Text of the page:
Australian house prices: Real estate market boom unsustainable, banks fear, and could

House prices across Australia continue to soar to insane levels despite lockdowns, and unlikely voices are warning it’s out of control.

At the start of the coronavirus pandemic, as the world teetered on the edge of unprecedented uncertainty, economists issued a dire prediction for Australia’s housing market.

It would experience huge losses unlike anything we’ve seen in modern history, with estimates ranging from a 10 per cent slump right up to a devastating 30 per cent collapse.

And yet, despite mass job losses, widespread lockdowns, the shuttering of the economy and a resulting recession, and the disruption of trade, those forecasts never eventuated.

In fact, median housing values across Australia have surged 15.8 per cent over the first eight months of 2021, and are 18.4 per cent up over the past year.

Prices are higher than they were before anyone knew what Covid-19 was and have grown at the fastest annual pace since 1989.

“In dollar terms, the annual increase in national dwelling values equates to approximately $103,400, or $1990 per week,” CoreLogic research director Tim Lawless said.

Apart from those trying to get on the property ladder and struggling, most other players in the market would be celebrating the historic upward movement of the market … right?

This week, an unlikely voice joined the growing chorus of concern over the continuing boom, which has continued during lockdowns in the two biggest markets of Sydney and Melbourne.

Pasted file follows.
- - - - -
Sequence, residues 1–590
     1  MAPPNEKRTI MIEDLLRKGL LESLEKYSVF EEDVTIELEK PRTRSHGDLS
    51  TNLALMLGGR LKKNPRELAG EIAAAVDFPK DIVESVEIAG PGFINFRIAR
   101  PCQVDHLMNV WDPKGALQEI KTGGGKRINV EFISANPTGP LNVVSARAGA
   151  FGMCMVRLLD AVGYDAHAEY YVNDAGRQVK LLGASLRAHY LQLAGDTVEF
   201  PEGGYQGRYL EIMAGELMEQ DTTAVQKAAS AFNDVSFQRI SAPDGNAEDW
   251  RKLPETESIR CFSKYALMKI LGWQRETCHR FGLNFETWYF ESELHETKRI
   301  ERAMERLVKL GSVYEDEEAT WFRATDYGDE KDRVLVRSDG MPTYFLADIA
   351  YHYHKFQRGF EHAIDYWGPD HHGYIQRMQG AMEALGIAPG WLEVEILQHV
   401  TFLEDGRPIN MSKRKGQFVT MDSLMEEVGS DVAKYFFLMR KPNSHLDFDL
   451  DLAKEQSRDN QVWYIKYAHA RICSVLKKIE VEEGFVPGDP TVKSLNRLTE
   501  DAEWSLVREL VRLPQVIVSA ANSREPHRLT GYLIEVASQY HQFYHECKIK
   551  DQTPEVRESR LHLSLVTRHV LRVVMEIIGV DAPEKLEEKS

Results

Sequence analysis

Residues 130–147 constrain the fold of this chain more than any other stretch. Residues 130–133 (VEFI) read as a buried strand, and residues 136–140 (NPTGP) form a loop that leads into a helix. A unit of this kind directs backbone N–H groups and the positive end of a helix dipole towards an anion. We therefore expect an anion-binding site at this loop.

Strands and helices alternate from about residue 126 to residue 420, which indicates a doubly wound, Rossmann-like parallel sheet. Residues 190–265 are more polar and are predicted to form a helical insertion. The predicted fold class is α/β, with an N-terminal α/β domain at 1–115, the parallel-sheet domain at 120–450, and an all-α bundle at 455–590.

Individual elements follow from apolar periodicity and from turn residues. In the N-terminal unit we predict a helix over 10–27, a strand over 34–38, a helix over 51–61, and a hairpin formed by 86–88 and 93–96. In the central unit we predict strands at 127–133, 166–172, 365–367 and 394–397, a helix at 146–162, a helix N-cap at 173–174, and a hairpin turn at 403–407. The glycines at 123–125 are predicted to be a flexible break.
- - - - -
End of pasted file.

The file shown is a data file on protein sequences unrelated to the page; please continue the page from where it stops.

Commonwealth Bank chief executive Matt Comyn said he’s growing “increasingly concerned” by the rapid growth of prices in virtually every city, as well as across major regional areas.

Despite being the nation’s largest bank and biggest lender of loans for home purchases, meaning it’s raking in the cash, Mr Comyn told a parliamentary hearing the bank wanted to see steps taken to “take some of the heat out of the housing market”.

Prices still growing, but slowing

National housing values road again by 1.5 per cent in the month of August, with the largest market of Sydney up 1.8 per cent, CoreLogic’s index reported.

That rate of growth for the New South Wales capital is despite the city being in an extended period of lockdown, with property inspections only available by appointment and limited to one person at a time, and auctions conducted online only.

Similarly, in Melbourne, also in the midst of yet another lockdown, prices still rose by 1.2 per cent – a modest increase, but in the context of the covid landscape, impressive nonetheless.

“In the significant period of lockdown in Sydney, Melbourne, we have seen big falls in consumer and business confidence, as you would expect,” Mr Comyn said on Thursday.

“I’m not seeing much of a slowdown in terms of (mortgage) applications and funding. You can see the market is still very active.”

Elsewhere, the strongest gains in August were seen in Hobart, up 2.3 per cent, Canberra, up 2.2 per cent and Brisbane, up 2.0 per cent.

“Australian housing…

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